Housing is high on the political agenda

The planning system needs to accelerate housing delivery. As the General Election approaches, political differences on how this can be achieved will come to the fore.

28 March 2014, Words by Savills Research


The planning system needs to accelerate housing delivery. As the General Election approaches, political differences on how this can be achieved will come to the fore

It is widely recognised that England faces a substantial housing shortage. The three main parties are all in favour of building more homes to meet the needs of a growing population and to encourage economic growth.

However, there is always a big gap between the politicians’ objectives and their ability to deliver, and, with an improving economy and the return of growth to the housing market, this is more apparent than ever.

Planning reforms

The planning system is frequently criticised for being a constraint on growth, and major planning reforms over the last four years have sought to address this.

There have been many: for example, financial incentives for local communities to accept housing development; neighbourhood planning, to encourage communities to direct growth in ways that meet local aspirations; removing some changes of use to housing from planning control; and the rejuvenation of Community Infrastructure Levy to provide funds for infrastructure.

Arguably, the most significant reform has been the publication of the National Planning Policy Framework (NPPF) in 2012, with its presumption in favour of sustainable development, its requirement that all local planning authorities (LPAs) should maintain a five-year supply of readily developable housing land, and its imposition of a duty to co-operate between local planning authorities.

Opinions differ as to how successful these measures have been, but there was a 22% increase in the number of homes approved in the 12 months following the introduction of the NPPF, and there has been a perceptible shift in sentiment within the housebuilding industry, with developers beginning to have more optimism about securing planning permissions.

The growth agenda

In this report we have focused on the South East, South West and East of England regions. In addition, we also look at a separate case study of the Yorkshire ‘Golden Triangle’.

Our research compares the number of homes planned locally post NPPF with previous regionally set targets. It also assesses how these locally set figures match the requirement for new homes as the population grows.

Although the NPPF encourages LPAs to take a positive attitude towards growth, our analysis reveals that very few have embraced a growth agenda and planned for more housing – of the 50 LPAs with an adopted or advanced stage post- NPPF local plan we have assessed, only 15 (30%) are planning to deliver more homes than under the previous regionally-led regime.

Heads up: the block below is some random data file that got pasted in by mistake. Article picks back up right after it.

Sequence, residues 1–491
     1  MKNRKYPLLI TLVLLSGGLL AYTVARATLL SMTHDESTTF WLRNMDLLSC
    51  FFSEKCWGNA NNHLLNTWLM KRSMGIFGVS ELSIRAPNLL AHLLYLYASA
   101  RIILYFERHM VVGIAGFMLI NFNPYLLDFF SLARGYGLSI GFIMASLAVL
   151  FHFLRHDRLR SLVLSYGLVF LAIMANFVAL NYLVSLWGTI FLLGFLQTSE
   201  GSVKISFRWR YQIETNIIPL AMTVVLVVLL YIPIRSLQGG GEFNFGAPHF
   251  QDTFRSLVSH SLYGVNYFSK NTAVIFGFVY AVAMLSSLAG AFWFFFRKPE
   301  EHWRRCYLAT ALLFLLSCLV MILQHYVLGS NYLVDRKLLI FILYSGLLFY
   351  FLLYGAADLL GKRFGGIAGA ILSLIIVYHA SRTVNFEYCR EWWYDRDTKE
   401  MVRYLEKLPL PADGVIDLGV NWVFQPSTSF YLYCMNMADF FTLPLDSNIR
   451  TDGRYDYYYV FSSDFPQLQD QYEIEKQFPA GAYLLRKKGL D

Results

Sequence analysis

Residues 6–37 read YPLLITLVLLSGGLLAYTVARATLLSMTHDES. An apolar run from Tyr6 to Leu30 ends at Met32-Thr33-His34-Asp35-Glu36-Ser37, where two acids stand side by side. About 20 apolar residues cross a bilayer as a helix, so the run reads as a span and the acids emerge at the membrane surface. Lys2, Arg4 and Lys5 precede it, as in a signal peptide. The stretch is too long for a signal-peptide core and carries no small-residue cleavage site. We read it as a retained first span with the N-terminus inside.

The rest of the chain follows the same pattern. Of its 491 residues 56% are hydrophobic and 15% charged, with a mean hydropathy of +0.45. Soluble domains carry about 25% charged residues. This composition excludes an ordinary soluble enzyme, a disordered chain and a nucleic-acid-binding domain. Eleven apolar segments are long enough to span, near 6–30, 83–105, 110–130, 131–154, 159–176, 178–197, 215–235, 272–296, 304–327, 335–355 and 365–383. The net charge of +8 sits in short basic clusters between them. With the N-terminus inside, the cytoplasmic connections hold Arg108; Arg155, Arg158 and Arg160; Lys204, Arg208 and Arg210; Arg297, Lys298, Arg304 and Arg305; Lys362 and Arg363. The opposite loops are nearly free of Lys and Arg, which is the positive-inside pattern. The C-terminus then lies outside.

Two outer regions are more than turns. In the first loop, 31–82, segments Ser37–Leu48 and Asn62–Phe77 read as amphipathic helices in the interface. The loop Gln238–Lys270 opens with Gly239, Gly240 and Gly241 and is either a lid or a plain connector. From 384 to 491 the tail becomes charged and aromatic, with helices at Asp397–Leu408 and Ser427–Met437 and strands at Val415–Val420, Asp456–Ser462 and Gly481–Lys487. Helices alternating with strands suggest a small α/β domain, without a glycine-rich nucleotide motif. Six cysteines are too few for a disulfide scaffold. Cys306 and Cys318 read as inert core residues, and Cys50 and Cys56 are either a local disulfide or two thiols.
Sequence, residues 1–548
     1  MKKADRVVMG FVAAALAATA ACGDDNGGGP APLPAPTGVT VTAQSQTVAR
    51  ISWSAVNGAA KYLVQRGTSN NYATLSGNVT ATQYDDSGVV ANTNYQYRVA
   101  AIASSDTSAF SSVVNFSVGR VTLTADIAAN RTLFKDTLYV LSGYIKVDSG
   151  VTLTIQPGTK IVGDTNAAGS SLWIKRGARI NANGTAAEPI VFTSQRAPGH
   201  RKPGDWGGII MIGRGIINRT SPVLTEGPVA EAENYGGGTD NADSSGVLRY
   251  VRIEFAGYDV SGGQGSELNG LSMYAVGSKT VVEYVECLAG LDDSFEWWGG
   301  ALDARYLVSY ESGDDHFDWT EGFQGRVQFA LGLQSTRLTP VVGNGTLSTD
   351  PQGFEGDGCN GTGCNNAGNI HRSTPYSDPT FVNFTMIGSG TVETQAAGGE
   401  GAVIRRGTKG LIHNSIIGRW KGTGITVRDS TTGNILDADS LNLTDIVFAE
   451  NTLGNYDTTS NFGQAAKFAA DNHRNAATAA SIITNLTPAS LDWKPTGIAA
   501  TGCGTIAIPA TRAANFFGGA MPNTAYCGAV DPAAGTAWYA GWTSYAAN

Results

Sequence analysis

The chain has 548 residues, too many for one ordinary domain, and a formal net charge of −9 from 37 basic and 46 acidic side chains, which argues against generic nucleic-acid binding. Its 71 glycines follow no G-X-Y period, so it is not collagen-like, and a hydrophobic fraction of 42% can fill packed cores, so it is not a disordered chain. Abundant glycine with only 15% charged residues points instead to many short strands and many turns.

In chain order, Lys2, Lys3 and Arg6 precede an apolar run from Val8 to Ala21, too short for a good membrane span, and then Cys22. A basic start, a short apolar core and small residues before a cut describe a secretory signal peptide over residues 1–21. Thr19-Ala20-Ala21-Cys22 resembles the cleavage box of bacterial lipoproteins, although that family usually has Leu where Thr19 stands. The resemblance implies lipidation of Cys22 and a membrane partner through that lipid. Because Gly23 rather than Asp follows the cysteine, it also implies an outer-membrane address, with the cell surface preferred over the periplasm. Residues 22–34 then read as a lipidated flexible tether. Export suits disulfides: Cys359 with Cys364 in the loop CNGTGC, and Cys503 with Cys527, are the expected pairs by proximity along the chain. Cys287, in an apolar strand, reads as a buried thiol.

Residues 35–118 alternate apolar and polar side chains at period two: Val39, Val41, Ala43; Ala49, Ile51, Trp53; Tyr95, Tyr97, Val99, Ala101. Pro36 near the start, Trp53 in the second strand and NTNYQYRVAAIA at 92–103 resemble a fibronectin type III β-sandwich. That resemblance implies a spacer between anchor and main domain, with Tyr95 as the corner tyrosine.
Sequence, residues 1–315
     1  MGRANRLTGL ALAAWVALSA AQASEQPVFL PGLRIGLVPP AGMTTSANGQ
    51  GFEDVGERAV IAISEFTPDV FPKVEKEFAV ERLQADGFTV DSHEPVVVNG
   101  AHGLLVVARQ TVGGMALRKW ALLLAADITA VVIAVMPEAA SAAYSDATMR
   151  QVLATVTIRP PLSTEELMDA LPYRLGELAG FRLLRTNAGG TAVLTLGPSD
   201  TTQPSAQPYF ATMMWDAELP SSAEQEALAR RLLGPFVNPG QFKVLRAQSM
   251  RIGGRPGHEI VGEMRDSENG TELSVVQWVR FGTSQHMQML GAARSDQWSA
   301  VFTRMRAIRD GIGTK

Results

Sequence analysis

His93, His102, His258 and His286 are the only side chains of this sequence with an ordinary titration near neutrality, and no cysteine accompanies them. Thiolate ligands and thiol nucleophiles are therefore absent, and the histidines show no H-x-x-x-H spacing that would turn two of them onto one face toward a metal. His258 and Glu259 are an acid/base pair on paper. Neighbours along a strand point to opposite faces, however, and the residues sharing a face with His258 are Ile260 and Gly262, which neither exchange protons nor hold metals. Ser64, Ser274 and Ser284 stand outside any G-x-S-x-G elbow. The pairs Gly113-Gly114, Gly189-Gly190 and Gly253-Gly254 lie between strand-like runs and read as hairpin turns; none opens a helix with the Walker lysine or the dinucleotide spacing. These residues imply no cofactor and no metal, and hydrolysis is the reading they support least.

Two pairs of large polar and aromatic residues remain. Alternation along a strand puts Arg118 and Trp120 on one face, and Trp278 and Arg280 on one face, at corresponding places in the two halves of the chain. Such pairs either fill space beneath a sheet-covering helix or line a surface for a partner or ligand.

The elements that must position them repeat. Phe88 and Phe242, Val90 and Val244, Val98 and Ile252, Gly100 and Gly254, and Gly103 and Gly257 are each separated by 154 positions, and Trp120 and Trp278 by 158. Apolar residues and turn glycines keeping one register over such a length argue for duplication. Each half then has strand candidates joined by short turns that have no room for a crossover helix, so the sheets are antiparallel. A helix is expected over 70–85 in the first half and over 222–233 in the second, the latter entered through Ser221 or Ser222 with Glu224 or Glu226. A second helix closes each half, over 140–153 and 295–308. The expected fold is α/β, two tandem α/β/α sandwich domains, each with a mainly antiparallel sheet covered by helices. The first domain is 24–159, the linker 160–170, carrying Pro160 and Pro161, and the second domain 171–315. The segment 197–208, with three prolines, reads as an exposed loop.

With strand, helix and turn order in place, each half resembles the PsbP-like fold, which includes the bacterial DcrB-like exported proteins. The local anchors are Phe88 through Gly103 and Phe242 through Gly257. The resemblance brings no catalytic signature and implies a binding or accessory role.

This reflects many factors, including pressure by local interests to limit the development of housing; the existence of environmental constraints (with flood risk recently having come to the fore); and policy considerations, including the presence of Green Belt.

The role of the ‘duty to co-operate’ has yet to become clear, with a number of LPAs having been criticised by the Inspectors examining their development plans. Over £2bn has been paid to LPAs under the New Homes Bonus scheme, rewarding them for delivering housing, but this incentive does not generally seem to be sufficient to overcome the forces acting against development.

CIL should provide funds for infrastructure, and thus help to make development acceptable, although as a development tax, it will also in some cases render development unviable.

More changes are on the way. Among the reforms outlined in the Autumn Statement is the proposal to make it a statutory requirement for LPAs to produce development plans, and one to create a specialist Planning Court to address Judicial Reviews with greater efficiency. The 2014 Budget Speech heralded some further permitted development rights.

It appears that a Labour-led Government would be inclined to retain most of the reforms of the last four years, and Ed Miliband has revealed a ‘national aspiration’ for building 200,000 new homes a year by 2020 (half as many again as are currently being built, but only half of what Kate Barker recommended the last Labour Government to achieve). All three established political parties have voiced strong support for the building of New Towns (or ‘Garden Cities’).


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Jim Ward

Jim Ward

Residential Research and Consultancy

Savills Margaret Street

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